How Close is Close?

As negotiations reconvene here in Vienna, Iran and its six counterparts in the P5+1 are close to finalizing a comprehensive nuclear deal that would end over a decade of conflict. How close is close? Some P5+1 negotiators say the deal is 95 percent done – but the remaining five percent is the most difficult details. For both sides, the costs of failure are likely catastrophic. Precisely because the stakes have never been higher, it is important to nail down the sticking points and major obstacles that must be overcome. Six issues in particular are worth keeping an eye on.

Enrichment Capacity. Iran wants to maintain its 10,000 operational centrifuges and freeze centrifuge expansion for the duration of a deal. The P5+1 insists on cutting that number significantly – between 2,000 and 4,000. The sticking point is domestic politics, not science. Iran is insisting upon immediate-term enrichment levels that surpass its current needs. The P5+1 is pushing for immediate limitations that prevent Iran from enrichment levels that it does not have the technical capability to achieve. Unless both sides make the political decision to absorb and sell compromise – 5,000 to 6,000 centrifuges – the last best chance to resolve this conflict will be lost.

Sanctions Relief. The P5+1 wants to waive some sanctions and unblock frozen Iranian assets up front, while keeping banking, energy and UN sanctions in place until the deal expires. Iran insists on lifting banking and UN sanctions up front, while accepting waivers on energy sanctions for at least a few years. Iran gave more than it received in the interim nuclear deal, and is looking to collect on that investment. The P5+1 believes it must enforce oil and banking sanctions to ensure Iranian compliance. Neither position is politically feasible. A workable compromise in the first phase of a deal would continue to waive sanctions and unblock frozen Iranian assets, as well as lift bans on the SWIFT financial messaging system and Iranian banks blacklisted by the UN. To truly ensure reciprocity, the P5+1 should go a step further and begin dismantling UN sanctions. Without compromise, negotiations will fail.

Duration of the Deal. The P5+1 originally pushed for a deal lasting 20 to 25 years. Iran refused to accept anything longer than three to five years. Both sides were pursuing purely political objectives that are untenable. Two decades of treating Iranian differently than other Non-Proliferation Treaty (NPT) signatories fuels rather than allays Iranian suspicions of Western intentions. But decades of mistrust cannot be undone while President Obama is still in office. Negotiations will fail unless the two sides split the difference. Today, they are closer to a politically digestible compromise – in the single digits, six to eight years – with deep, up front reciprocal concessions across the board to help sell the deal and incentivize compliance throughout its duration.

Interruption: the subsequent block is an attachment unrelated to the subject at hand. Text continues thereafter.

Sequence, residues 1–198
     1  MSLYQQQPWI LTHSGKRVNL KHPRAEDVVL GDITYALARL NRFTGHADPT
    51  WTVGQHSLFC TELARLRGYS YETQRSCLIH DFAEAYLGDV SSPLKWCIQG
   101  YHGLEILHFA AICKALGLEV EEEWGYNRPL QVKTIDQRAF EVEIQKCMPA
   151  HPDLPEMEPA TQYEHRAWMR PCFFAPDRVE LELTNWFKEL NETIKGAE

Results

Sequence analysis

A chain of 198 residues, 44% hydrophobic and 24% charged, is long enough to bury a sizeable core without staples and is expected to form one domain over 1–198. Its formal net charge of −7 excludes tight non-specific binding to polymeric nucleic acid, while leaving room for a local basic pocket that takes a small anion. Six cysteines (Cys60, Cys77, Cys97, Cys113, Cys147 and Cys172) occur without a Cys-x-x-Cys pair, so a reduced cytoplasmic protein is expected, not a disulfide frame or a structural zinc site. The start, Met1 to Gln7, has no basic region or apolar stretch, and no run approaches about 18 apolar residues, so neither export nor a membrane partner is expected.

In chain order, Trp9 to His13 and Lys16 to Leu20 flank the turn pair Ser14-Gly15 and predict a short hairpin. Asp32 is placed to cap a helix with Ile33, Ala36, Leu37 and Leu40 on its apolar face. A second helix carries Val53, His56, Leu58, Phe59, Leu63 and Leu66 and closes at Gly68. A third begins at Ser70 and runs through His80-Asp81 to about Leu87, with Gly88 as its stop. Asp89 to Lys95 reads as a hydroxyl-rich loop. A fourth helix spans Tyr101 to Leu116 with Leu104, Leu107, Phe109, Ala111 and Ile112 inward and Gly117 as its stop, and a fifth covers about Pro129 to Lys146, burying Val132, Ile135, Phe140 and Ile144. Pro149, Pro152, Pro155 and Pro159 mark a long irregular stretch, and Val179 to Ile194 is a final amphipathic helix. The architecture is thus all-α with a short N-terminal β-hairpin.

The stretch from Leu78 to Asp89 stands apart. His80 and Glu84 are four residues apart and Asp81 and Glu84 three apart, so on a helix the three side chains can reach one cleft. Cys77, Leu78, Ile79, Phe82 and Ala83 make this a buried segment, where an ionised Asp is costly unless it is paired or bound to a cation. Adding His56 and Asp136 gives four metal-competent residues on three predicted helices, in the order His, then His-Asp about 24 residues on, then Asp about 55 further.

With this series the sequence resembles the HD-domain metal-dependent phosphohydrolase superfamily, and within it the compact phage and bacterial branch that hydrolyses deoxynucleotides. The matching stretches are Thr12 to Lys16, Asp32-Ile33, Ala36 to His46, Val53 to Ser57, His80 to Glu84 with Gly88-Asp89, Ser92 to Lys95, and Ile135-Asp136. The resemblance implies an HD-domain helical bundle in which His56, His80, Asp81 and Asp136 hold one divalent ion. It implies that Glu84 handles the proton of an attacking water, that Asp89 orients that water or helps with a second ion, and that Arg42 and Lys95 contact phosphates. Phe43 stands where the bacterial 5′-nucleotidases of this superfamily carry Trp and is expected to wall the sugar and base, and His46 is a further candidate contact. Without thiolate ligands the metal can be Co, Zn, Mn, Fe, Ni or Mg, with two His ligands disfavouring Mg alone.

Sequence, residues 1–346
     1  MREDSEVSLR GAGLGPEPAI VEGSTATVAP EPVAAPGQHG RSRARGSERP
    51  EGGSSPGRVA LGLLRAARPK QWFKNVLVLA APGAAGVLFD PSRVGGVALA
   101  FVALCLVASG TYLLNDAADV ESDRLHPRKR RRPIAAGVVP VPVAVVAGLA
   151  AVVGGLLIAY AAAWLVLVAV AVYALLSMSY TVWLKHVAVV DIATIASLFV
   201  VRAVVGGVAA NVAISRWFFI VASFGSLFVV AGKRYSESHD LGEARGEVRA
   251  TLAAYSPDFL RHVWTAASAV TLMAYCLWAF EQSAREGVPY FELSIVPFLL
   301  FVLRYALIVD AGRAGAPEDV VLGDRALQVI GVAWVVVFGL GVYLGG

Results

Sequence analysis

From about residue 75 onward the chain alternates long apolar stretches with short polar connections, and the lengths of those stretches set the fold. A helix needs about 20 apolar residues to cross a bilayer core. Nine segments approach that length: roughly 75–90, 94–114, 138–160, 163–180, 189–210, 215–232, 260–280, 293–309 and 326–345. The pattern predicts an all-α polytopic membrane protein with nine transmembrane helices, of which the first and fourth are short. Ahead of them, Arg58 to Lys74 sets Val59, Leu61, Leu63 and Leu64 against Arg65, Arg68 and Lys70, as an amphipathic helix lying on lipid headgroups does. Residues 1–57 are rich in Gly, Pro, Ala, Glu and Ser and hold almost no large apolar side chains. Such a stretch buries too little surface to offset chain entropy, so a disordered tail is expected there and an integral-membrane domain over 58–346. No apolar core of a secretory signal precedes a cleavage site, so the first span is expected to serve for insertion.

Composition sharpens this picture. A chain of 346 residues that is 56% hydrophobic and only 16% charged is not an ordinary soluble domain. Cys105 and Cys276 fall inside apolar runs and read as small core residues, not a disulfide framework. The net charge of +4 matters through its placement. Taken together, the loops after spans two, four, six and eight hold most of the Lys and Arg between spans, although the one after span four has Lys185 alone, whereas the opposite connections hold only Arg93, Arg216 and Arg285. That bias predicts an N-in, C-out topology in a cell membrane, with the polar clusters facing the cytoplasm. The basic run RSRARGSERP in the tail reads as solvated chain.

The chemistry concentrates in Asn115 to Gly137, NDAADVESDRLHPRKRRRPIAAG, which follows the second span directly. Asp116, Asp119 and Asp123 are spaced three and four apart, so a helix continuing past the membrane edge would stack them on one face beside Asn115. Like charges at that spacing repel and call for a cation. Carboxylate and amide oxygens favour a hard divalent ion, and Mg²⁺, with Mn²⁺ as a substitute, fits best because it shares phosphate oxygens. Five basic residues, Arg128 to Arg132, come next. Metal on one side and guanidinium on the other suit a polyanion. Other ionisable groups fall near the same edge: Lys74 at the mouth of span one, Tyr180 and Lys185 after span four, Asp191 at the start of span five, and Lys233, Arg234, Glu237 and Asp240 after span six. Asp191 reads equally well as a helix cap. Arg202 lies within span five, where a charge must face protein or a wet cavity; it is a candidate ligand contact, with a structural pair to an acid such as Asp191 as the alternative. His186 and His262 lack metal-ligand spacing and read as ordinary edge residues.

PMD Allegations. Iran’s cooperation with the IAEA regarding its past nuclear activities – particularly possible military dimensions (PMD) – remains a point of contention, but not an insurmountable one. This issue is a direct function of its negotiations with the P5+1. Assertions to the contrary are less than honest. No amount of scrubbing sites or shifting soil can remove criminalizing traces of radiation, so the question is not if Iran answers PMD questions, but rather how. The process of doing so will be outlined in any comprehensive nuclear deal, not before a deal is signed. IAEA Director General Yukiya Amano acknowledged this in remarks to the Brookings Institution on November 5.

Hostile Legislators. As gaps between the two sides narrow, they both must contend with spoilers at home. In Washington, Congress is poised to pass new sanctions legislation in an effort to torpedo a deal. Obama will veto it, but with Republicans holding a majority in the House and Senate come January, Congress may override his veto. In Iran, a systemic decision has been made to resolve the nuclear issue – within reason. If Congress passes new sanctions, Iranians hardliners will respond in kind by reversing critical concessions made in the interim nuclear deal that moved Iran further away from nuclear weapons. Escalation benefits nobody at the negotiating table.

French Intransigence. Despite repeated proclamations of unity, France remains more hawkish than its P5+1 counterparts. Secretary of State John Kerry met with his counterpart Laurent Fabius in Paris on November 5 in an effort to get assurances that France would not try to undermine the P5+1 position like it did during negotiations in Geneva one year ago. According to some P5+1 diplomats, Kerry left Paris empty-handed. The French position matters: It holds a veto at the UN and EU, thereby making it critical to any future plan for sanctions relief that must be negotiated with Iran this week. It is unlikely France can stop a deal with Iran that other P5+1 members are satisfied with – but we will find out for sure in seven days.

An extension is a possibility, should the two sides not be able to close the gaps, but it carries its own risks. Hardliners in Congress and within Iran will have more time to throw up obstacles and wreak political havoc on the forces in both the US and Iranian administrations seeking to finalize a deal. While the gaps are few, they are significant, but the mood here in Vienna is determined.

This article was originally published in IranWire.